I try really hard to look perfect.
I try too hard to be perfect.
Somewhere, in the process, I build in weaknesses because part of perfection is not being too perfect.
I set up my life in terms of Instagram posts and blog posts and search too hard to find meaning in the mundane for the express purpose of appearing wise. I avoid being awkward and put myself in certain positions so that certain people will notice and comment. I do my homework, get good grades, hang out with everyone, and bend over backwards to be the jack-of-all-trades. To get that validation and awe from my peers.
I know that’s how people see me. I like it like that. I maintain the image.
That’s wrong of me.
I’ve been convicted recently (in embarrassingly many ways, because I’m stubborn) of how I’ve been living. How I’ve been faking it, to some extent, for fear of….rejection? Like my friends aren’t going to want to be my friends if I mess up? If I admit that I am capable of not being on top of my life? I don’t know. It’s a seriously irrational fear.
Maybe that’s a little melodramatic. The problem is, even though it’s much milder than I’ve made it out to be, it’s a habit. And runs much deeper. It affects how I address God.
It becomes a checklist.
Read my Bible. Check.
Write something in my journal. Check.
Listen to worship music. Check.
Talk to a friend about something I’m learning. Check.
I’m not trying to discount any of my faith. I really do believe it all It’s so easy to fall into a trap, though, of going through the motions and forgetting the magnitude of what it means to follow Christ.
But what about when I don’t? What about when I’m overcome by the greatness of God and am, to use the church-y word, on fire? What about the people in my life who seem to ooze with an alien passion for God that is very obviously alive even when I and the rest of my community is stagnant? The people whose lives scream Christ? Who are they? What makes them different?
But think bigger. What if all of us were like that all the time? How would that change things?
What does that even mean? What does it look like?
True to form, I found some Bible verses.
Romans 15 talks about overflowing with hope.
Galatians 5 talks about “serving one another humbly in love” and, of course, the oft-repeated fruits of the Spirit: love, joy, peace, patience, kindness, goodness, faithfulness, gentleness and self-control.
Philippians brings up humility again.
So does John.
And both letters to the Corinthians.
You get my point, I’m sure, but here’s one of my favorite passages ever:
“As a prisoner for the Lord, then, I urge you to live a life worthy of the calling you have received. Be completely humble and gentle; be patient, bearing with one another in love. Make every effort to keep the unity of the Spirit through the bond of peace.” (Ephesians 4:1-3)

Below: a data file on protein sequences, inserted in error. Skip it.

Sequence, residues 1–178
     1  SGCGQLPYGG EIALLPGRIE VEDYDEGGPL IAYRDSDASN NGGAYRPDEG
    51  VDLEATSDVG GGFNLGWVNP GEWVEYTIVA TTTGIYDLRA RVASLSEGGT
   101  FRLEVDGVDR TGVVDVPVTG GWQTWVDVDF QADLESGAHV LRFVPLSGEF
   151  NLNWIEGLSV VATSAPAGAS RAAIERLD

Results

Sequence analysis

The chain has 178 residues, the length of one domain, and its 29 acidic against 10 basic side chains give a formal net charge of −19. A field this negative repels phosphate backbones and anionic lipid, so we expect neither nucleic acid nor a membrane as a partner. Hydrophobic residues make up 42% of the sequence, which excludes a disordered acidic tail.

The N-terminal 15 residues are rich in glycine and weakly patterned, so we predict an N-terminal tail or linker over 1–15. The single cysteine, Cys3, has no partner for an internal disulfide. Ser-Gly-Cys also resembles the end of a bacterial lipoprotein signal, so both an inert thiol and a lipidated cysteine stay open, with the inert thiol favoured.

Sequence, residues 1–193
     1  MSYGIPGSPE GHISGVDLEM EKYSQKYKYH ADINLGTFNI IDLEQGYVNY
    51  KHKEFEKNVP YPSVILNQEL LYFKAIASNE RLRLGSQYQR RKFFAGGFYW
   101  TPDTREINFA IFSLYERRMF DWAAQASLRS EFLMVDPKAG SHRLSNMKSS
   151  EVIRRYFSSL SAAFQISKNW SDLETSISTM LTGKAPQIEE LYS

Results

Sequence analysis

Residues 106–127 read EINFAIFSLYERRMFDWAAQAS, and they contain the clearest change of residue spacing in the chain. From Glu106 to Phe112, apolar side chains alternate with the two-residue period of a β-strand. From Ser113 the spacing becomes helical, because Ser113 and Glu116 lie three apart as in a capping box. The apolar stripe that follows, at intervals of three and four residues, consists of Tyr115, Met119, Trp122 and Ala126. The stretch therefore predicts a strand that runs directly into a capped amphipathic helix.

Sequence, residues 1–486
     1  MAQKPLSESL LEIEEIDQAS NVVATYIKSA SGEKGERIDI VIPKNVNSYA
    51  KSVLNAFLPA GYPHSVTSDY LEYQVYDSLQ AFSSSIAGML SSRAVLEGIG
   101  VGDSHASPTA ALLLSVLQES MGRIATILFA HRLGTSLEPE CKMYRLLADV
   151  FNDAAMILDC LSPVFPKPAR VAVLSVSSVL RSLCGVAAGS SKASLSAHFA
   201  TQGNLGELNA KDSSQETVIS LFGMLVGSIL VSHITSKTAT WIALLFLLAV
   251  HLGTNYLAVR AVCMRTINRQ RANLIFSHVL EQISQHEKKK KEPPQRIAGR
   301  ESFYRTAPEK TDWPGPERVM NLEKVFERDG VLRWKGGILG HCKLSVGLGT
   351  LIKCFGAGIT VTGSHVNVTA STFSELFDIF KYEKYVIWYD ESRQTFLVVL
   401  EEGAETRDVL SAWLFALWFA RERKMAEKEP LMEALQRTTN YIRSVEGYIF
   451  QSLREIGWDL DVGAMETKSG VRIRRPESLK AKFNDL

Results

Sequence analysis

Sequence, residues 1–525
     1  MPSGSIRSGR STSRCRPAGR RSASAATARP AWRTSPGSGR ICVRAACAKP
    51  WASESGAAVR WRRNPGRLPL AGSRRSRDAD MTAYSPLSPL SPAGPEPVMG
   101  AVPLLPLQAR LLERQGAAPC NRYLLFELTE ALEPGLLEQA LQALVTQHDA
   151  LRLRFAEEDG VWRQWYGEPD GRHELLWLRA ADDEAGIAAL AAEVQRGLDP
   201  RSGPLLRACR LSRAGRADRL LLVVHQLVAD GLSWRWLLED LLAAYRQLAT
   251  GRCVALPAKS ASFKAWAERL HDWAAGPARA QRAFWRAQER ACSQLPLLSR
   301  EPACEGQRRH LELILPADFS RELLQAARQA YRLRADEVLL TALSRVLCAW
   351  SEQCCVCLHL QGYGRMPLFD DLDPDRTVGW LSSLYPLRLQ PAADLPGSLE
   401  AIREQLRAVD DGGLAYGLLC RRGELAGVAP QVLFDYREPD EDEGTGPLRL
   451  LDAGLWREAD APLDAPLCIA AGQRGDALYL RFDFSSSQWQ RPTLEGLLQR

You guys. Looking like Jesus means being humble. It means serving wholeheartedly and without so much as a second thought. The greatest command, after all, is to love the Lord and to love other people. It’s that simple.
That love is what leads to the overflow of hope and of joy. Being so willing to pour yourself out for others just to be filled up again and again.
Being truly passionate, then, about following Jesus is craving that. Seeing the brokenness and recognizing the unconditional grace and love we are offered and realizing that all we need is more of Him.
When we serve, we do so with the intention of glorifying Christ. When we love, it’s through Him. Every word, every laugh, every action, every hug, that’s out of pure love of others and delight in Jesus.
I know, I’m reverting into serious church talk. I’m trying not to. My point in all this is to say this:
I want to be that person–you all know at least one–that radiates Jesus. You look at me and know that I’m not here for my benefit. I’m entirely real when I talk about the Lord. There’s a joy or a peace or a feeling, call it what you will, that lets people know that I’m different. I want to be quick to serve and do so unashamed, with grace and confidence. I want to be honest. To love everyone well and hard. For everything I do to point everyone around me to Him.
My sole purpose is to glorify God.
Consider this a manifesto on my part.
I hope you make it yours, too.
I know there are people around me who are brave enough to stand up and say that they love Jesus. Who are as kind and bright and excited about life as you’d expect them to be. I’m so glad that I’m their friend.
I want to be more like that. I want to be the person you look at and hear about and you say, “Yeah, she’s totally in love with Jesus.” I want to, because of that, make everything around me better. But I don’t want it to ever be attributed to me. I want the Lord to be so clear in me that you notice Him long before you pay attention to my own achievements, which couldn’t even exist apart from Him.
There comes a point where religion and rules and cutesy things to say fall short. Honestly, I can’t make it any clearer. The short version:
Jesus loves us. He wants us to love Him. I love him and want nothing more than to honor him. I want to look like that’s true.